An Interview with Marc Almond and Dave Ball of Soft Cell

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Synth pop pioneers Soft Cell – legendary frontman Marc Almond and producer/instrumentalist Dave Ball – will be celebrating the 40th anniversary of classic album Non-Stop Erotic Cabaret with a series of UK live shows starting 10th November. The dates, which include Leeds O2 Academy on 13th November, will include the album in full, as well as career highlights and new songs.

Here, Marc and Dave talk about the new tour, 40-years in pop, growing up in the north and coping with being vinyl children in a digital age…

Can you tell us a little about the format of these November UK live shows? Are you essentially playing two live sets each evening?
MARC: We plan to do two sets in the evening. The first set will be greatest hits , some album and fan favourites as well as previewing some new songs live for the first time. The second set will be Non Stop Erotic Cabaret in its entirety and in track order with accompanying visuals and a few extras at the end. It’ll be a full-on and exciting show.
DAVE: The November shows will be split into two halves, the first half will include some old favourites, some hits that don’t appear on Non-Stop Erotic Cabaret and a few new tracks off our forthcoming BMG album, Happiness Not Included.

“It doesn’t feel like it’s 40 years old at all”

marc almond dave ball soft cell interview tour posterWhat is the major difference between staging a live show in the early 1980s to playing live now in the 21st Century?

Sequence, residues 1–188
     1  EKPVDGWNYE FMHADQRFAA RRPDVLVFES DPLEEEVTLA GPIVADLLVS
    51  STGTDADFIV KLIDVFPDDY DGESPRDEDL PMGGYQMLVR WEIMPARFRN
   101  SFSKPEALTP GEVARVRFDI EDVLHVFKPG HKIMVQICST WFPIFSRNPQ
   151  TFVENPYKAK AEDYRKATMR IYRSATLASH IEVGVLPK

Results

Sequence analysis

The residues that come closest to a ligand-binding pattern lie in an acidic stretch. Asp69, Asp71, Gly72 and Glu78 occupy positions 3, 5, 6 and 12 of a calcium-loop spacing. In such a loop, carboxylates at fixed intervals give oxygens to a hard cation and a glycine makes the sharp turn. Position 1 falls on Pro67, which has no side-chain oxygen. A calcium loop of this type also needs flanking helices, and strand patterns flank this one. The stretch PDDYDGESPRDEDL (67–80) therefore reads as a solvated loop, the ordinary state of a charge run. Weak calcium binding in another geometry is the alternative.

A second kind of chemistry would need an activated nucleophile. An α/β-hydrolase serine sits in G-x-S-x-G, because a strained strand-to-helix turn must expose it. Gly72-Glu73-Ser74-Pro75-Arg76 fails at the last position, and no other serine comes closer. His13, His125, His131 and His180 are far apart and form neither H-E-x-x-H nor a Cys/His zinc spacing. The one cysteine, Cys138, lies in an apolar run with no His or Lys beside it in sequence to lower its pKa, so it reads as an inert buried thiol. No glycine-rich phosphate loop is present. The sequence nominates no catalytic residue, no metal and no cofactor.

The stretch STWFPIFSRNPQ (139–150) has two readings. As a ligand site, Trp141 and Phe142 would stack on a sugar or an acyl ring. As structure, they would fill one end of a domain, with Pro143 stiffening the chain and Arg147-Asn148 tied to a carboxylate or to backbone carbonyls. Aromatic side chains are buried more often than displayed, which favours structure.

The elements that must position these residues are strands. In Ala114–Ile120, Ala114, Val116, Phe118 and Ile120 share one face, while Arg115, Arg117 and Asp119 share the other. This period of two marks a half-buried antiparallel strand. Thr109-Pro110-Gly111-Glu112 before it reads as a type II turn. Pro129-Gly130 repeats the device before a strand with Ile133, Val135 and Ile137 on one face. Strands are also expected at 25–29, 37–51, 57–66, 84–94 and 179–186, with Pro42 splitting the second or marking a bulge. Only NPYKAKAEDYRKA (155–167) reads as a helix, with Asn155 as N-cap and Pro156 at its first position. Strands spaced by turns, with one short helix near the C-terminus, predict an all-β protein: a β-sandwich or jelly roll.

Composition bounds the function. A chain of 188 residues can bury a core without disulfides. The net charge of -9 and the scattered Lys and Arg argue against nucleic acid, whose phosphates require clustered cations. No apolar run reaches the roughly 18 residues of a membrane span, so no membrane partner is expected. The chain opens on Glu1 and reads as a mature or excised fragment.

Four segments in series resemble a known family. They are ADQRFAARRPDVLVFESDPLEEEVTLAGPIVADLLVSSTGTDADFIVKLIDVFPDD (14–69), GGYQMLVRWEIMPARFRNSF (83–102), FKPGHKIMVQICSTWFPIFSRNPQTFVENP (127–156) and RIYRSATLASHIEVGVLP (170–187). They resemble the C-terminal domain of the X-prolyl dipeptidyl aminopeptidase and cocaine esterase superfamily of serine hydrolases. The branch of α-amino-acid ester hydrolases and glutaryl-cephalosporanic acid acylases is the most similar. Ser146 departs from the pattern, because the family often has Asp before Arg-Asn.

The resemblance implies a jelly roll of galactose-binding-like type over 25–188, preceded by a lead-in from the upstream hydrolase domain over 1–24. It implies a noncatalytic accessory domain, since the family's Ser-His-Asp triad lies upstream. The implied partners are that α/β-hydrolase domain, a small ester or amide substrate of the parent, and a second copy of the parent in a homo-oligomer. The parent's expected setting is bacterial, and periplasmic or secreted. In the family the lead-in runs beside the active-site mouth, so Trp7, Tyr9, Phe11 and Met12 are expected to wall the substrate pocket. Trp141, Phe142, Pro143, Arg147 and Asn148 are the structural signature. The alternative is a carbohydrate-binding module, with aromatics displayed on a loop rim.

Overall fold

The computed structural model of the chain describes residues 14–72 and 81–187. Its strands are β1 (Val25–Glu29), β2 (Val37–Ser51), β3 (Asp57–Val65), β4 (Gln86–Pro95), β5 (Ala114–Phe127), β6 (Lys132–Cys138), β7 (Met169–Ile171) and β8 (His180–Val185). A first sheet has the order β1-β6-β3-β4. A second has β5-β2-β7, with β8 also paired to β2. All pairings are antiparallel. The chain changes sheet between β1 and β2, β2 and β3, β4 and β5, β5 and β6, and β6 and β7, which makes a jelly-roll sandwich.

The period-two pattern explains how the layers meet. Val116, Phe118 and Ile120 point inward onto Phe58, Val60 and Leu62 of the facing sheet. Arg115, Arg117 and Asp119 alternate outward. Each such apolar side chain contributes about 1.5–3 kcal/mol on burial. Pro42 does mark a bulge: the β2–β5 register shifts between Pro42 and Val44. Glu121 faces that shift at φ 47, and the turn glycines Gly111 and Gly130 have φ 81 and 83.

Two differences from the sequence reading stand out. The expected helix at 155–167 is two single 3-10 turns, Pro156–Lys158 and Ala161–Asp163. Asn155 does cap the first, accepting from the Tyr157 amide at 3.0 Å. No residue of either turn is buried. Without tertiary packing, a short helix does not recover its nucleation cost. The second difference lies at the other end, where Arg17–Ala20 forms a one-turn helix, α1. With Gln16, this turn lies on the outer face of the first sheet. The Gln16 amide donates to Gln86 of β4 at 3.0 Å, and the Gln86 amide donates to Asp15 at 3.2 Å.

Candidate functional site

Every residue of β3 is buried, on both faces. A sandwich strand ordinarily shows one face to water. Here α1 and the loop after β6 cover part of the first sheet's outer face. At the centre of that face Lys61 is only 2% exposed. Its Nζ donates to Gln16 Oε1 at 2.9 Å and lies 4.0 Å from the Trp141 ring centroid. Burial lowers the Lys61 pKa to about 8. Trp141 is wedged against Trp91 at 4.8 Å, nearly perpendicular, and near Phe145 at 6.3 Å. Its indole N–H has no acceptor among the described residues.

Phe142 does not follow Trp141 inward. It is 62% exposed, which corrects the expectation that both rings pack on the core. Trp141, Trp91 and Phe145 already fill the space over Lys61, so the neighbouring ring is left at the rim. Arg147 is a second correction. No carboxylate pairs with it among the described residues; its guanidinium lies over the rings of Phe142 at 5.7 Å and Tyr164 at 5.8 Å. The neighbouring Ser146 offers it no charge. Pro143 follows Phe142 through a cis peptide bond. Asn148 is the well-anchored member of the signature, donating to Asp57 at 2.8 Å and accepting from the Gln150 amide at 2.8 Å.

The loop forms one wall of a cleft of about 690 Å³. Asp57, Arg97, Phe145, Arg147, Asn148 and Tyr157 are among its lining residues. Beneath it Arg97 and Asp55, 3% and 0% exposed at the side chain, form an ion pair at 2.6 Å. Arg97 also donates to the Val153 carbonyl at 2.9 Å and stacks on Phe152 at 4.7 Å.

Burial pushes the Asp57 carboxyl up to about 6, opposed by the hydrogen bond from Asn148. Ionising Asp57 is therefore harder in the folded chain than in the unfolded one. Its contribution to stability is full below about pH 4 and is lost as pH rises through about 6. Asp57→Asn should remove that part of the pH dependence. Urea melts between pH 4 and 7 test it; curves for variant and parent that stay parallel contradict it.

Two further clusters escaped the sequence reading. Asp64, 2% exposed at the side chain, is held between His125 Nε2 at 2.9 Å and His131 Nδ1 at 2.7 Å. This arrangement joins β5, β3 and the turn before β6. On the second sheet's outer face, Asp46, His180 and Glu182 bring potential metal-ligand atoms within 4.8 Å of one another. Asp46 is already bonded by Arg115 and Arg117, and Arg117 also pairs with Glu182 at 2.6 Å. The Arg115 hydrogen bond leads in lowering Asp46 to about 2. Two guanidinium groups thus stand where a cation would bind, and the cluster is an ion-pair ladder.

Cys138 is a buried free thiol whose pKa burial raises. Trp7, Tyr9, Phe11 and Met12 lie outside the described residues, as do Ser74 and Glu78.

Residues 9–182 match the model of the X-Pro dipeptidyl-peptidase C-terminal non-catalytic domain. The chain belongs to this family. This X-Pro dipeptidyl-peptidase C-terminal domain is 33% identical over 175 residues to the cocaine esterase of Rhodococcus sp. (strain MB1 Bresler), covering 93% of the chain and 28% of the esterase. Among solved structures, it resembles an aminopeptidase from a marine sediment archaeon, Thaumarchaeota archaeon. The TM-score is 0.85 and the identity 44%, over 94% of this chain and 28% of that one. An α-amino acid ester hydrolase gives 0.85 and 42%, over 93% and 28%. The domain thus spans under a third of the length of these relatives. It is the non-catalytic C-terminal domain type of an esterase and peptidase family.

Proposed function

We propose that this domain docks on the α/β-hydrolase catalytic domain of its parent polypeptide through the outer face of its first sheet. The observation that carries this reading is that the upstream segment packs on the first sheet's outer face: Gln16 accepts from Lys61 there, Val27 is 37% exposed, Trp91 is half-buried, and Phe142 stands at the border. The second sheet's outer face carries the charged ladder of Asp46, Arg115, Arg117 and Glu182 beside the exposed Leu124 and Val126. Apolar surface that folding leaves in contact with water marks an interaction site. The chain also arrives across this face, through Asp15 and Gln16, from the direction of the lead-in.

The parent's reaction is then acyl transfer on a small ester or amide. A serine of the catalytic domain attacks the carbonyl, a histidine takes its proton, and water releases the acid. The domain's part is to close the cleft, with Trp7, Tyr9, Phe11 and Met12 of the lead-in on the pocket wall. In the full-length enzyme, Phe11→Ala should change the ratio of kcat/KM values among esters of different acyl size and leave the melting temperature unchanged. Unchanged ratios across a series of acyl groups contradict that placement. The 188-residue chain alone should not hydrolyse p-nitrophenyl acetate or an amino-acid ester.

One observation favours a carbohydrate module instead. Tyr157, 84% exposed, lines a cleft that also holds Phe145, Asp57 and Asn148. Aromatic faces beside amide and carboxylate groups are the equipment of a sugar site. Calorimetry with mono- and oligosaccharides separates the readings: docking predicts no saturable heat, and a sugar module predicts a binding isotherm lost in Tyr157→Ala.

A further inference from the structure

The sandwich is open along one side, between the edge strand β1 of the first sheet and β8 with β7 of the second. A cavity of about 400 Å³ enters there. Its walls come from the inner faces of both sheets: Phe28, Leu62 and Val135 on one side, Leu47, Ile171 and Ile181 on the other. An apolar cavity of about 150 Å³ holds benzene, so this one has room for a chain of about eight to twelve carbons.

M: We have better technology available now and a richer catalogue of songs that have a history and an audience that has grown with the catalogue. We’re able to explore the visual side a lot more and have more experience as musicians and performers.
D: The main difference in the 21st Century is the technology. All our visuals, lights & sequenced synths & drum machines are run live from offstage computers as opposed to the old Kodak projectors and Revox reel to reel tape machines we used to use onstage. It makes changing around set running orders a lot easier and gives us much more control and clarity in the sound and visuals. I still play live analogue synths onstage (a Korg Prologue & an ARP Odyssey) and we certainly don’t use autotune on Marc’s or the backing singer’s voices. One thing that hasn’t changed is Gary Barnacle still plays a mean saxophone.

Can you believe Non-Stop Erotic Cabaret is now 40 years old?
M: If I sit back and think about it it’s hard to believe that a small collection of songs has had such a long life, that people still listen to and enjoy it. I’m amazed at how fresh and current it still sounds – and lyrically still relevant. It doesn’t feel like it’s 40 years old at all – but it scares me a bit to think that it is
D: What surprises me is how fresh Non-Stop Erotic Cabaret still sounds today. I suppose we were both 40 years younger so Marc’s voice sounds more youthful and not so polished as now and my synth playing and arrangements were more simplistic (although I’ve always tried to stick with my minimalist style).

What was the funniest (printable!) story you can tell about the recording of the debut album?